When Black Friday comes

It is beginning to look a lot like Christmas. This is not just because the weather is warm and damp: it is already seemingly impossible to buy one’s skinny decaf Honduran arabica macchiato in a multi-use receptacle (translates as ‘a cup of coffee’) without having one’s ears assaulted by Noddy, Cliff, Roy or Shaky.

The business model of global retailing is simply surreal. Who in their right minds would think of creating a business whose survival depends on two weeks’ sales? I hyperbolize deliberately, but it is not far from the truth. Someone has been foraging and has confused the chanterelles with something altogether different.

Yesterday was Singles Day, the latest triumph of twenty-first century destructive consumerism. Some will view it as a stroke of genius that the Alibaba invented antidote to Valentine’s Day has become the day on which consumers now spend the most online. It is reported this morning that yesterday it took Alibaba 85 seconds to notch its first $1bn of sales. Overall, the day’s sales reached $30.8bn, a mere 27% higher than in 2018.

What happens today, Singles Boxing Day? The world’s shoppers will just have to wait until Black Friday and Cyber Monday. There are another four days of the week that, as yet, do not have shopping days named after them. That probably won’t last long.

Why, though, is everything crammed into the pre-Christmas period? Surely the industry would want to diversify its reliance on such a short period each year? Apparently not.

Admittedly, I do not comprendez the economic upside of shopping. We spend money that we do not have on things we do not need. That money has to be paid back at some stage, while the piles of purchased clothes and iPhones add nothing to the long-term benefit of the economy. It may be simply that I have become a self-centred old grump, but it cannot be sustainable that consumerism is a quest to spend even longer each day on Facebook, using a new phone while wearing jeans that look like a tiger’s bedding. Humbug indeed.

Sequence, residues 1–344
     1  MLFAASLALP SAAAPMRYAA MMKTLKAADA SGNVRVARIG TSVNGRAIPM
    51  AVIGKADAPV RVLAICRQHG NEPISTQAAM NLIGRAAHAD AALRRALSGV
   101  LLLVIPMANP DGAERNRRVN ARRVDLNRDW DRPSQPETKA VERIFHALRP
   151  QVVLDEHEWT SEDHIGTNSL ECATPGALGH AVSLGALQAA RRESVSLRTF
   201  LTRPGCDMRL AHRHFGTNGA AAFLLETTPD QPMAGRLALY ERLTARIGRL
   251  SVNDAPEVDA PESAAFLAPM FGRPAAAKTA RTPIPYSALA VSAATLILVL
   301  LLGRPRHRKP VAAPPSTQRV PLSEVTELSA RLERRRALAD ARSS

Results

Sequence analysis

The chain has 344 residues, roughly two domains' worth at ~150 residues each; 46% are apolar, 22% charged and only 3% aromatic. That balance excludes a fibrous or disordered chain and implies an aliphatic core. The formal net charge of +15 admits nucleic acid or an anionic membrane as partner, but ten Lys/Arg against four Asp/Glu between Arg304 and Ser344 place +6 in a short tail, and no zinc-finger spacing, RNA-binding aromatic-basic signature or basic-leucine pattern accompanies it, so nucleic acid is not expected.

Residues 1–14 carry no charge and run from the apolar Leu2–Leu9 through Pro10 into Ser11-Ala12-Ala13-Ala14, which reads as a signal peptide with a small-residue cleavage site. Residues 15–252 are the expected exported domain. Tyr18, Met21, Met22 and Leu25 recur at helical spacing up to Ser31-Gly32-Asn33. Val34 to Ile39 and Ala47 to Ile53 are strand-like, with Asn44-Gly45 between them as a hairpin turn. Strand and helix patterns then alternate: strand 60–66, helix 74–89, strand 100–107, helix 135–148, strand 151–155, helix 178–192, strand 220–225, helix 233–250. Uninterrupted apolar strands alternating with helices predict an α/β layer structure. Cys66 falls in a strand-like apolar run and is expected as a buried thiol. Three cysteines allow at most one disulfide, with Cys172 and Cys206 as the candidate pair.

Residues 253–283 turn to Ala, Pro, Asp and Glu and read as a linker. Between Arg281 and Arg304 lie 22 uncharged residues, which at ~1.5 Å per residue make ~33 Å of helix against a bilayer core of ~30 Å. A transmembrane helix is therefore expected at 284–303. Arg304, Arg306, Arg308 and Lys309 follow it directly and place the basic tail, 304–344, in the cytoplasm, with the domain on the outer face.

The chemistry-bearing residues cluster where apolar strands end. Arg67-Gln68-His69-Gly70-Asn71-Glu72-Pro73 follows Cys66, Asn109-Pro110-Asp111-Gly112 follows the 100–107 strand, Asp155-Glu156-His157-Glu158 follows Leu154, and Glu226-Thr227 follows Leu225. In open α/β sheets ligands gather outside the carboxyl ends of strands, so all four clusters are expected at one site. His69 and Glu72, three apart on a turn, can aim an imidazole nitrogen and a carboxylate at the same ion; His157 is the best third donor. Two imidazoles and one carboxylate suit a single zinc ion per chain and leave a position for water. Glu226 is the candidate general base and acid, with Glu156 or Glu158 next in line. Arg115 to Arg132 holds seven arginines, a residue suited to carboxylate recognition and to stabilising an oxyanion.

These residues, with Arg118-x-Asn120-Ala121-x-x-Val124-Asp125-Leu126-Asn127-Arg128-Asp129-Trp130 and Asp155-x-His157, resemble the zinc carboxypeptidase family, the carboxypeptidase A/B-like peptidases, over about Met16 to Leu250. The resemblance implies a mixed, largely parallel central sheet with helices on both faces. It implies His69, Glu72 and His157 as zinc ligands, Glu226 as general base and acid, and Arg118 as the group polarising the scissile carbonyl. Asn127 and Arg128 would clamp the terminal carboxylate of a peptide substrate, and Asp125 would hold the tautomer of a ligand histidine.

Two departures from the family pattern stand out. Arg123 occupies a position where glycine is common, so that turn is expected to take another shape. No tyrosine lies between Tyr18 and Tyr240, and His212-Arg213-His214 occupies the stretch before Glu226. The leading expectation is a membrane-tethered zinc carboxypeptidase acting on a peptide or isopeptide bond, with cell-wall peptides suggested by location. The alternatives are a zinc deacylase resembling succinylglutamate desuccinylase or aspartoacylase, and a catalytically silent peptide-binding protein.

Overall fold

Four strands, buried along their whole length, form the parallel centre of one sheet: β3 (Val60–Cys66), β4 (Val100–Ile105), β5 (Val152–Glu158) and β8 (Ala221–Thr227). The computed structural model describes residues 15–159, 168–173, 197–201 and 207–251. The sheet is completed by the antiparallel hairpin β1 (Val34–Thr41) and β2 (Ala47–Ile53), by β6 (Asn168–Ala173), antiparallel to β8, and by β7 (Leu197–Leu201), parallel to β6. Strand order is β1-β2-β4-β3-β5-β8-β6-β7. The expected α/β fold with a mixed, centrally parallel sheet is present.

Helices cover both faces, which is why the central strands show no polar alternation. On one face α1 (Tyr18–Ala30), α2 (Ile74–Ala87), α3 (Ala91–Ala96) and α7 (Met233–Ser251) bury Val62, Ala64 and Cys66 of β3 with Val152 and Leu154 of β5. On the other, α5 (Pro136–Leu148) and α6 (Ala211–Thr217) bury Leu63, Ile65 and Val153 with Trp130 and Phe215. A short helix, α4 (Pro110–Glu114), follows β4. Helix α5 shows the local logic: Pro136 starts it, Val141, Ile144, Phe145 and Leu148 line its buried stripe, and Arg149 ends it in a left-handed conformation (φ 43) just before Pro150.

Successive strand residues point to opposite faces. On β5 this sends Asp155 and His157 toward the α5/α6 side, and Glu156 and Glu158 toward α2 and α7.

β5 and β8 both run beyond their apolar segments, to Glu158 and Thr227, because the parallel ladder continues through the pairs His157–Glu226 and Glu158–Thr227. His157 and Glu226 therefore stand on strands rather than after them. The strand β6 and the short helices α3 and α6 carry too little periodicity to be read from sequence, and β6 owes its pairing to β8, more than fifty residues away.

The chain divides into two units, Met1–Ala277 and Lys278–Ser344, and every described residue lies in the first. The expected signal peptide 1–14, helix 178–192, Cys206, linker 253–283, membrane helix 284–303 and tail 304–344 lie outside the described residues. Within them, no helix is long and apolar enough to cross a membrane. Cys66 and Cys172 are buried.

At least I have been distracted from the ongoing farce of Brexit. I probably say each week that it could almost be funny if it did not matter quite so much. I ought not to be the only one who remembers that in the depths of the Thatcher recession, News At 10 used to run a weekly slot showing which factories had closed each week, with a running total of job losses. It is not something that we ought to be trying to repeat. For those so minded, however, the list of businesses citing Brexit as a reason for closing is growing.

I was not even going to mention Brexit this week. I am sorry. Donald Trump has shown what he really thinks about the virtues of independent journalism, so presumably his relations with Saudi Arabia are right back on track. It is odd though that his friends in Riyadh seem to be losing control of the oil market. By all accounts they are about to reverse the increases in production they previously thought were a good thing. Though for anyone who buys stuff from pumps to power the car, I am sure that the news that oil is in a ‘bear market’ will come as quite a surprise. It most certainly is not at any petrol stations I go to.